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Digital Subscriptions > BBC History Revealed > February 2019 > Ask the Experts

Ask the Experts


Obviously Vlad wasn’t an impossibly old vampire who couldn’t go out in the day and disliked garlic in his cooking. Y et the three-time voivode (prince) of Wallachia and Dracula do make a gruesome twosome, what with Vlad’s taste for torture and impaling his enemies – hence the nickname. As many as 100,000 died at his hands, including tens of thousands in one go, impaled at a battle in 1462 to scare the invading Ottomans.

So far, it seems completely understandable why Bram Stoker based his monstrous creation on him. Besides, Vlad was known as Dracula. But while this theory makes for a good story there is no conclusive evidence to prove it.

The name Dracula meant Son of Dracul. Stoker saw it in a dry history book about Wallachia and liked it, but not because of any juicy tales of bloodletting. As well as coming from the Latin for dragon, which Vlad’s father went by it referred to the devil. It seems that Stoker just got lucky in picking the name of someone with as much blood on their hands as the titular character for his 1897 novel.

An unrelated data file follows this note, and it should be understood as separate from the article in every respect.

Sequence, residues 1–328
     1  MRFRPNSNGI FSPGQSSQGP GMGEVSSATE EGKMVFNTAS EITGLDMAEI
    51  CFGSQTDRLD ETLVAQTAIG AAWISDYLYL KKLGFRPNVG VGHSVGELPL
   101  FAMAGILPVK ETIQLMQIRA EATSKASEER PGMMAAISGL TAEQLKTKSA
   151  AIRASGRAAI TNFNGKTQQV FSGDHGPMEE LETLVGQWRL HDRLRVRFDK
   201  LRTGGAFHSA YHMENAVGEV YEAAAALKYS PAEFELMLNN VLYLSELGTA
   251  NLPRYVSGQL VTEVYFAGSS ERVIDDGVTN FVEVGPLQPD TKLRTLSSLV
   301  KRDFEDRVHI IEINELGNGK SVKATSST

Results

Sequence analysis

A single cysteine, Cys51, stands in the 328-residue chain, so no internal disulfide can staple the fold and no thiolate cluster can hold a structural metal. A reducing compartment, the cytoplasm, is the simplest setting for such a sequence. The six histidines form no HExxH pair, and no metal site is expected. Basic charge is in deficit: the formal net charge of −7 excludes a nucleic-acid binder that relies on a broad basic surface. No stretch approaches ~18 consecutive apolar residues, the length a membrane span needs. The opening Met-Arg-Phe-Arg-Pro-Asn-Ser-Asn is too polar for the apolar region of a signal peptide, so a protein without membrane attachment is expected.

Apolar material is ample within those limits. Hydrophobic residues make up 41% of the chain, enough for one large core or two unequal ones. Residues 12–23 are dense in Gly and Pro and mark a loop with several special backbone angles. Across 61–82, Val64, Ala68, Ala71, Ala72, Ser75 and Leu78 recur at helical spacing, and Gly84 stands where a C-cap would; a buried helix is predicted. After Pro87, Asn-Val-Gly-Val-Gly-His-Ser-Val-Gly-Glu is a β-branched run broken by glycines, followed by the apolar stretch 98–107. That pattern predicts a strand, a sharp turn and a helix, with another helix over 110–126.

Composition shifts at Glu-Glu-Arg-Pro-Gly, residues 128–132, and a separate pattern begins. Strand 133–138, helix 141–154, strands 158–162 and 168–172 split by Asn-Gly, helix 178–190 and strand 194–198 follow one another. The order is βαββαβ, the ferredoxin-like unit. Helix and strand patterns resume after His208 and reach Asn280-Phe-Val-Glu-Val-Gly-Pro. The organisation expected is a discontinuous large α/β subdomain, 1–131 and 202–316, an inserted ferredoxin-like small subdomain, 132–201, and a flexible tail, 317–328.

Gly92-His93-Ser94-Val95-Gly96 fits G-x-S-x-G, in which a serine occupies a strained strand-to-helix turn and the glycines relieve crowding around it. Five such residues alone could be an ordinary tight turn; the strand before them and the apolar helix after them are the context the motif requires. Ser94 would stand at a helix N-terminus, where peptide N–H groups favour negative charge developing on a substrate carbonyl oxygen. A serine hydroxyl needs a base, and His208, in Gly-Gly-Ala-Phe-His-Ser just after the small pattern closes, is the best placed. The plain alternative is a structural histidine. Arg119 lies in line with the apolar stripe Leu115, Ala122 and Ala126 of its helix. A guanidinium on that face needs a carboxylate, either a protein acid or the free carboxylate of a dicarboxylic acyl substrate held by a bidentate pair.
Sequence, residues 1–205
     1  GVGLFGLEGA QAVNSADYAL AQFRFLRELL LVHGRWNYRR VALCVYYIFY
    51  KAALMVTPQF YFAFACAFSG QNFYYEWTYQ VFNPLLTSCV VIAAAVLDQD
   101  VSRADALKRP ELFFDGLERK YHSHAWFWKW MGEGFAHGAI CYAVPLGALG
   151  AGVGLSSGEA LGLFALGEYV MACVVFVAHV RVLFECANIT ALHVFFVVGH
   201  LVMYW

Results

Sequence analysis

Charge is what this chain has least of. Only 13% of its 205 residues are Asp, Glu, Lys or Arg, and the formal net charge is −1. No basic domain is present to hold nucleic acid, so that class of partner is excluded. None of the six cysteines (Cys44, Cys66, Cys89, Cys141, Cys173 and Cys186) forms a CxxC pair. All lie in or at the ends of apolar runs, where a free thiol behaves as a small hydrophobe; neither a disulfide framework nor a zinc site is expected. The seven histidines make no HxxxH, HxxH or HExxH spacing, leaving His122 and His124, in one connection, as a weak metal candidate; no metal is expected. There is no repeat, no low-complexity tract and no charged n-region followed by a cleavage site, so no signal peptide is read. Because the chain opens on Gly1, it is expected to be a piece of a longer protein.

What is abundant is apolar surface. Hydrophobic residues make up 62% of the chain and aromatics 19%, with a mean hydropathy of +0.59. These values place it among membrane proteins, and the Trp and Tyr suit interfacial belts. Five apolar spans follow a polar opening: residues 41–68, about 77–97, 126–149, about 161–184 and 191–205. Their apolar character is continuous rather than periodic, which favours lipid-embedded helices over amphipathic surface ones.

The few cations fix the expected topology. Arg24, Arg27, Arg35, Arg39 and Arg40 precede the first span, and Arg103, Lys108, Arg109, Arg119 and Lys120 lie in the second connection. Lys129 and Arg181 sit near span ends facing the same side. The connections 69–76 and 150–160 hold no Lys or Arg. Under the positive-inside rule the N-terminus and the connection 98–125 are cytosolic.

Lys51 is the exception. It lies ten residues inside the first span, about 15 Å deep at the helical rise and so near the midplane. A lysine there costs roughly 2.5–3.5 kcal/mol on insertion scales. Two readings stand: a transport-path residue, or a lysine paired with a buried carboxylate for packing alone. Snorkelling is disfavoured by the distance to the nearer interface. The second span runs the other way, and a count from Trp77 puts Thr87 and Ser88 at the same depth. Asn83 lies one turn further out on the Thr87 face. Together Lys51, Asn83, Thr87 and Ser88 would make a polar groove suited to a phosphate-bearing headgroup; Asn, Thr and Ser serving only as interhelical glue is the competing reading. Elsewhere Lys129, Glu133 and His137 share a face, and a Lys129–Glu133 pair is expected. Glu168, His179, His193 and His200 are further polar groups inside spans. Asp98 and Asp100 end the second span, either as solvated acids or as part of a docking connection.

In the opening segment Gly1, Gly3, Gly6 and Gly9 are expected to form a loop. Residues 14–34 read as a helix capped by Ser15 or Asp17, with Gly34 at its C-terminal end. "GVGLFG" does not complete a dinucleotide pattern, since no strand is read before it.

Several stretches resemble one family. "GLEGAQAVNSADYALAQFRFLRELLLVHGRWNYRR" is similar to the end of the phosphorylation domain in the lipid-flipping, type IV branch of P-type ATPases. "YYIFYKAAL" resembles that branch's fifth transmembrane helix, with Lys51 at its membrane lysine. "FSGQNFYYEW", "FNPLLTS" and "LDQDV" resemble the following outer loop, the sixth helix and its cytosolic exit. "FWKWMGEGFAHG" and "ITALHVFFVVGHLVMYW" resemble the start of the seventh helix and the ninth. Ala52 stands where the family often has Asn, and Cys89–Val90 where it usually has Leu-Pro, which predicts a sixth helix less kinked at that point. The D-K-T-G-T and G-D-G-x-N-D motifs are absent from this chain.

FANGS A LOT Vlad was a figurative monster, not a literal one

What was floriography?

In short: a symbolic, colourful and bizarrely complicated way of having a chat. Although an ancient idea, the conditions were just right in the 19th century for floriography the ‘language of flowers’, to bloom.

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About BBC History Revealed

Egyptologist Chris Naunton takes us on a tour of the greatest discoveries found in Egypt down the centuries. Plus: We look at the German resistance movements that stood up to Hitler, the tragic tale of the nine-day queen – Lady Jane Grey and the fall from grace of one of America’s once most-beloved politicians, Richard Nixon.